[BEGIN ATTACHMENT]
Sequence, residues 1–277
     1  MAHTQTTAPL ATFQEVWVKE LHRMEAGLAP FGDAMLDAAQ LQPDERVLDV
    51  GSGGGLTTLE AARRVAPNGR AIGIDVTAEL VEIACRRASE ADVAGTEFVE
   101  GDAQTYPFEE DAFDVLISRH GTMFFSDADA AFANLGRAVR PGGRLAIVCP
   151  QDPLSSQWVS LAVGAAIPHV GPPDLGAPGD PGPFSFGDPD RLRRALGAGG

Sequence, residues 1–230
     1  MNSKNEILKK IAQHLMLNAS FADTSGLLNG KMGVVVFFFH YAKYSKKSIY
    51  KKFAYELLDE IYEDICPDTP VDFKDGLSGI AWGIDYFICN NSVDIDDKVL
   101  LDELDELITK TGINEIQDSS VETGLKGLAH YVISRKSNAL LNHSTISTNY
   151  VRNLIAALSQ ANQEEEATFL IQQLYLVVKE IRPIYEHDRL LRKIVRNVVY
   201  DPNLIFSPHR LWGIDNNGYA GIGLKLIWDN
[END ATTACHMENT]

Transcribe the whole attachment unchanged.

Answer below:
Sequence, residues 1–277
     1  MAHTQTTAPL ATFQEVWVKE LHRMEAGLAP FGDAMLDAAQ LQPDERVLDV
    51  GSGGGLTTLE AARRVAPNGR AIGIDVTAEL VEIACRRASE ADVAGTEFVE
   101  GDAQTYPFEE DAFDVLISRH GTMFFSDADA AFANLGRAVR PGGRLAIVCP
   151  QDPLSSQWVS LAVGAAIPHV GPPDLGAPGD PGPFSFGDPD RLRRALGAGG

Sequence, residues 1–230
     1  MNSKNEILKK IAQHLMLNAS FADTSGLLNG KMGVVVFFFH YAKYSKKSIY
    51  KKFAYELLDE IYEDICPDTP VDFKDGLSGI AWGIDYFICN NSVDIDDKVL
   101  LDELDELITK TGINEIQDSS VETGLKGLAH YVISRKSNAL LNHSTISTNY
   151  VRNLIAALSQ ANQEEEATFL IQQLYLVVKE IRPIYEHDRL LRKIVRNVVY
   201  DPNLIFSPHR LWGIDNNGYA GIGLKLIWDN